Affordable Internet in Africa? Less talk, more action

Sonia Jorge is Executive Director of the Alliance for Affordable Internet, a coalition to advance affordable access to both mobile and fixed-line Internet in developing countries. The views expressed in this commentary are solely hers.

(CNN)Everyone should have access to affordable Internet by 2020.

This was the conclusion of world leaders at the United Nations last September. Recognizing the power of connectivity to grow economies, strengthen democracy and accelerate social progress, all 193 member nations of the UN (including every single African country) agreed to this concrete target as part of the new global Sustainable Development Goals.
But, unless these same world leaders take drastic action to accelerate connectivity, we will miss this target by a mile. The Alliance for Affordable Internet (A4AI) Affordability Report, released in February 2016, shows that on current trends, the earliest we'll get everyone online is in 2042. This connectivity lag will undermine global development and will deny at least one more generation the opportunities for growth and empowerment that Internet access can bring.
    With just one in five Africans online today, Africa has a long road ahead. Though the technology to beam the Internet to every corner of the continent exists, billions remain shut out from the digital revolution for a simple reason: they can't afford to connect. Internet costs in Africa are among the highest in the world, preventing many from experiencing the benefits of digital access.
    For a paltry 500MB of monthly data — enough to watch just two minutes of video a day — the average African has to shell out over 15% of their monthly income. Compare this with the average European, who pays less than 1%. Until we drive prices down to a level that is affordable to everyone, millions will remain offline.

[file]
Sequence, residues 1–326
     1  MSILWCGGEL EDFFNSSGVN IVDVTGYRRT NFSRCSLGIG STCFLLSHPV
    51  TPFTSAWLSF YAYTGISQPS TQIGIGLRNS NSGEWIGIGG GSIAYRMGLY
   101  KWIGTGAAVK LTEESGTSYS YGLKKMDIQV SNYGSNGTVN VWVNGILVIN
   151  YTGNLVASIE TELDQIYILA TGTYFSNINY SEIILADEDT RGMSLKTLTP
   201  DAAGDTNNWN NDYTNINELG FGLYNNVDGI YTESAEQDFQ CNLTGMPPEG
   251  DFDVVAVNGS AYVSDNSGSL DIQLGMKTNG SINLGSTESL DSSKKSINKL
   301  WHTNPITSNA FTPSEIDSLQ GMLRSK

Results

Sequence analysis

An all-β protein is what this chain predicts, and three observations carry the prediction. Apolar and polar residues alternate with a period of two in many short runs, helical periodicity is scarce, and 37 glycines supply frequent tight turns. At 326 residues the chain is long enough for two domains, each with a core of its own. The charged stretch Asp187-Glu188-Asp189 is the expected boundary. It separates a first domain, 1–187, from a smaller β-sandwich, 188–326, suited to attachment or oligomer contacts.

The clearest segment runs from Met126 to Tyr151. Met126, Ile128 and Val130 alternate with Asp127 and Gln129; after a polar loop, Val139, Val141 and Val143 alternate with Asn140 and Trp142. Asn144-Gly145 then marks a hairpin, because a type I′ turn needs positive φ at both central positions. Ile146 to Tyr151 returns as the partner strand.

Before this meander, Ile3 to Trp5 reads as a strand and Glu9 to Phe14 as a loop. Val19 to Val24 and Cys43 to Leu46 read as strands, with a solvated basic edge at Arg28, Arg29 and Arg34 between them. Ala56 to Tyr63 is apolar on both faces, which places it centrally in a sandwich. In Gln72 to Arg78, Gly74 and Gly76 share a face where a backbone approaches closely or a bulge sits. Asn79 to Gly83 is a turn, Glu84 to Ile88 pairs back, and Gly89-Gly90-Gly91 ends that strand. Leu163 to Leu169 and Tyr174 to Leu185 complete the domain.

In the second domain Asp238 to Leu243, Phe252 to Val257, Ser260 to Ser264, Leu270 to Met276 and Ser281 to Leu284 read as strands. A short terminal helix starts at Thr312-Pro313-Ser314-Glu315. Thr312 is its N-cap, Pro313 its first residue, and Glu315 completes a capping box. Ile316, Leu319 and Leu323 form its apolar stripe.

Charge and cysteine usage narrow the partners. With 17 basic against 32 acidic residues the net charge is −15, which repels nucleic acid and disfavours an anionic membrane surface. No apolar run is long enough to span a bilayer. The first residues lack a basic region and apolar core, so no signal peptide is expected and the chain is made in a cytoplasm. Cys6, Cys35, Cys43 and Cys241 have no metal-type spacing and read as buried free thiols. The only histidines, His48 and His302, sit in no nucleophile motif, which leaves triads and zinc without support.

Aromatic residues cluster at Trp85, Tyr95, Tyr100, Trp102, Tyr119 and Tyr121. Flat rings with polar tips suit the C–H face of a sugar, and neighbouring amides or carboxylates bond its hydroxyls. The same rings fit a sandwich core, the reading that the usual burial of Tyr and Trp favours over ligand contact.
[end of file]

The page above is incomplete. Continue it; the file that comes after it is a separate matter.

Average price of a 500MB (prepaid, mobile) broadband plan as a % of GNI per capita, by region
    The good news is that, on the whole, prices are falling in Africa. However, the high rate of income inequality in many African countries is masking the true state of affordability. In South Africa, for example, a basic mobile Internet connection is seemingly very affordable, priced at just 1.5% of average monthly income.
    However, around 60% of the South African population earns less than half of the national average income of US$6,800, meaning that for these people, this same basic connection actually costs significantly more, ranging from 7-15% of average income.
    How then can we make affordable Internet access for everyone — including those earning less than the average income — a reality? There are two critical steps that governments must act on, now.
    First, world leaders must agree to and start working toward a new, more ambitious "1 for 2" affordability target: 1GB of data for 2% or less of average monthly income. Our analysis shows that even in countries where broadband is priced at or below UN affordability threshold (i.e., 500MB priced at 5% or less of average income), income inequality means that millions remain priced out.
    But, when prices fall to around 2% of average monthly income, Internet becomes affordable to everyone — even the bottom segment of earners. This new threshold for "affordability" will open up the possibility of access to millions of people currently offline, and upping the data allotment to 1GB will enable those just coming online to use the Internet in a more meaningful way.
    Second, governments must also ensure that policies target those most affected by the high cost to connect — namely, low-income earners and women. These marginalized groups face unique barriers to access and use, from reduced incomes to limited education and digital skills. Policies must consider these challenges by addressing current gaps and supporting inclusive development — including for those left behind by market-driven connectivity efforts. To ensure universal and equal access, policymakers must prioritize public access programmes that provide free or subsidized opportunities to connect.
    Inability to pay should not deny people the benefits of online access. Governments, the private sector, and civil society have important roles to play as we work to adopt the policies needed to drive access prices down and achieve affordable access for all. Together, we must start now to take bold steps toward achieving the universal access target and wider Sustainable Development Goals.